Parents have a significant impact on the formation of a child’s self-perception and self-attitude. At the same time, an infant’s physical appearance may also influence the way adults treat this child. In Morrison’s novel, Benetton’s advertisement, and The Littlest Rebel clip, the children’s physical characteristics are interrelated with the attitudes of adults. Even though children may have no physical defects, the way other people perceive them depends on their own attitude towards their appearance and affects their maturation process and further personality formation.
In the analyzed quote, the importance of a child’s physical beauty is emphasized. Mrs. Pauline Breedlove, Pecola’s mother, reveals her strong affection for the Fisher’s girl and rejection of her own daughter. For instance, Morrison writes: “she brushed the yellow hair, enjoying the roll and slip of it between her fingers” (125). Evidently, the woman adores this white little girl and cherishes her as a crystal vase. In comparison, the words “no tangled black puffs of rough wool to comb” can be identified with disgust at Polly’s daughter Pecola (Morrison 125). Her daughter is not as white as porcelain and has no blue eyes, which makes her unattractive to other people. The biggest problem is that Pecola does not try to develop her own beauty, instead, she dreams of obtaining the bluest eyes, thus making herself even uglier for her mother.
In Benetton’s advert, a white and a black child look at the world differently, and their looks along with physical appearances identify their places in this world. Thus, the little blond girl is smiling, her eyes radiate happiness, and her carefree look attracts the audience, arousing their parenting feelings. In comparison, the black child is neither radiant nor happy in the advert. Half of the child’s head is in a shadow, the gaze radiates pain and fear of being rejected, and there is no smile on the face. One can see that the second child does not perceive themselves as beautiful and worthy, and this uncertainty repels the audience and makes them look at the white girl with even greater admiration. Evidently, the child’s self-perception and self-presentation affect the adults’ attitude and, consequently, influence the process of personality formation in the future.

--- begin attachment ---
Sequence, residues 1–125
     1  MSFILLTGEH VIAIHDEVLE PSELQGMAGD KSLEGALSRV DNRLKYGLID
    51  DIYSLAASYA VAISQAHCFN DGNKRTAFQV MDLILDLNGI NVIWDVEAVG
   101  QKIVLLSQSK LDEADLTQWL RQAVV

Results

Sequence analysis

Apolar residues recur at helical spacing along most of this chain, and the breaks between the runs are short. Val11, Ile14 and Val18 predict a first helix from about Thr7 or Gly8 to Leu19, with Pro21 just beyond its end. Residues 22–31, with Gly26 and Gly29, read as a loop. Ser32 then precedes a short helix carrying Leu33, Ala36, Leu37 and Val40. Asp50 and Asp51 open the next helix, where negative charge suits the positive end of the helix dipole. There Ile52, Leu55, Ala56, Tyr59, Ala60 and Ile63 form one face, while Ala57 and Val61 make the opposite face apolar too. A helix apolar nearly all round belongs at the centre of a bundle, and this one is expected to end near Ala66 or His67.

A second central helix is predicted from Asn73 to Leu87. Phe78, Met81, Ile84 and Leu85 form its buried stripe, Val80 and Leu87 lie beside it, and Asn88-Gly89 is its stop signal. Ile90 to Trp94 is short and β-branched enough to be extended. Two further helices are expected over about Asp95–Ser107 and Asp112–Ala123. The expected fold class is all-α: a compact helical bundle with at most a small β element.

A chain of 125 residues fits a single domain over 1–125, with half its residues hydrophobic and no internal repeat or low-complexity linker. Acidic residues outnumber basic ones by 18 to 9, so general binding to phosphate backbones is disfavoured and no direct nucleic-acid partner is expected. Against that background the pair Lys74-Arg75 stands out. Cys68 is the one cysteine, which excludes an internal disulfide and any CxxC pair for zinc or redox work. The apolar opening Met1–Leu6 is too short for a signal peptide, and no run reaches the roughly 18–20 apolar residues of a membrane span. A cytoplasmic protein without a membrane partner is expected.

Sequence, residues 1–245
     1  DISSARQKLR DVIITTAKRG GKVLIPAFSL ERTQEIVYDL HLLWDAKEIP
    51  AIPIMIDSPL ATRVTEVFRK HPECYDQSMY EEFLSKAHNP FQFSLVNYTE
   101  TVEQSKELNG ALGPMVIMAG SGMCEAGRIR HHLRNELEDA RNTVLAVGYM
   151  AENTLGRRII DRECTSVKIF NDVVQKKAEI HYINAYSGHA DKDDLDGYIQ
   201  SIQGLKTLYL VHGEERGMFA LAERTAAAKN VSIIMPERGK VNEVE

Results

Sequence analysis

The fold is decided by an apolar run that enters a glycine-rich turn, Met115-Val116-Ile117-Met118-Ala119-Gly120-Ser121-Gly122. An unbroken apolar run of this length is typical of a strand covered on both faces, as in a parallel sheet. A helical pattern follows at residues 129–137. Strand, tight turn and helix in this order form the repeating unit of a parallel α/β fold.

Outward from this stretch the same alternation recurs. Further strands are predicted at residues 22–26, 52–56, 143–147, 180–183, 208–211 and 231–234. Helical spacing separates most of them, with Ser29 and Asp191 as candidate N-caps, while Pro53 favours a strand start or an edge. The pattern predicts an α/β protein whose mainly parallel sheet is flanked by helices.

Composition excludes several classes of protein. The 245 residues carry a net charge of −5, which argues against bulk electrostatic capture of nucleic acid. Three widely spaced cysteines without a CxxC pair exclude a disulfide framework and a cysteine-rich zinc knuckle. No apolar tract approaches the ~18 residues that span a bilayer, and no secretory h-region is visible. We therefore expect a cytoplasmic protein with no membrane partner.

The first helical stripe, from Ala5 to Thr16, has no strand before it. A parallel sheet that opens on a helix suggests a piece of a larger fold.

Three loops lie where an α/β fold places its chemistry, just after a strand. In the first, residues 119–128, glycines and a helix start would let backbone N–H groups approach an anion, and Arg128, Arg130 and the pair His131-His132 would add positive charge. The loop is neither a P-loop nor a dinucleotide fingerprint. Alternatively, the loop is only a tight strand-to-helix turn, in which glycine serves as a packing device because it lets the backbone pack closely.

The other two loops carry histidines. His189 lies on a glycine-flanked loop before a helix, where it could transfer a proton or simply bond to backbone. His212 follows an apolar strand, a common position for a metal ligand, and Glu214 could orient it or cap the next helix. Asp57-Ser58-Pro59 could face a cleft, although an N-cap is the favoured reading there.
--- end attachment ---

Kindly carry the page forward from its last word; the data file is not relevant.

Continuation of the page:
If a child does not protect themselves and never fight back, adults will continue to abuse and hurt them even if the child does nothing wrong. For example, one day, Junior invites Pecola to his house, throws his mother’s cat into her face, makes the girl cry, and then kills the cat, telling his mother that it was Pecola. Geraldine calls the girl a “nasty little black bitch,” and Pecola does not even try to protect herself (Morrison 90). Such an attitude towards herself enhances her insignificance and ugliness in the eyes of adults. If Pecola’s parents taught her to fight back and protect her interests, she would seem more attractive and confident to others.
Although the child’s appearance may affect other people’s attitudes towards this child, the infant’s self-presentation is even more important. In the clip from The Littlest Rebel, Shirley Temple, a white-skinned curly girl is shown as a self-confident and cheerful child who knows what she is doing (“Shirley Temple”). Other people admire her, watching her dance and sing while she is holding the hand of her black-skinned friend, Mr. Bojangles. One can see that the girl was raised in a loving family that influenced the way she looks and acts.
In conclusion, parents play a significant role in their children’s lives, but children’s physical appearance is also crucial for their reputation. Morrison’s novel, Benetton’s advert, and the clip from The Littlest Rebel demonstrate that the ability of an infant to present themselves and fight against any abuse and humiliation can help them look attractive in the eyes of adults. In contrast, if a child does not develop their individuality and does not like their own appearance, other people will perceive them similarly, rejecting and disgracing them.
“Shirley Temple – The Littlest Rebel – 1935.” YouTube, uploaded by Damien Chemille, Web.
Morrison, Toni. The Bluest Eye. Vintage Books, 2007.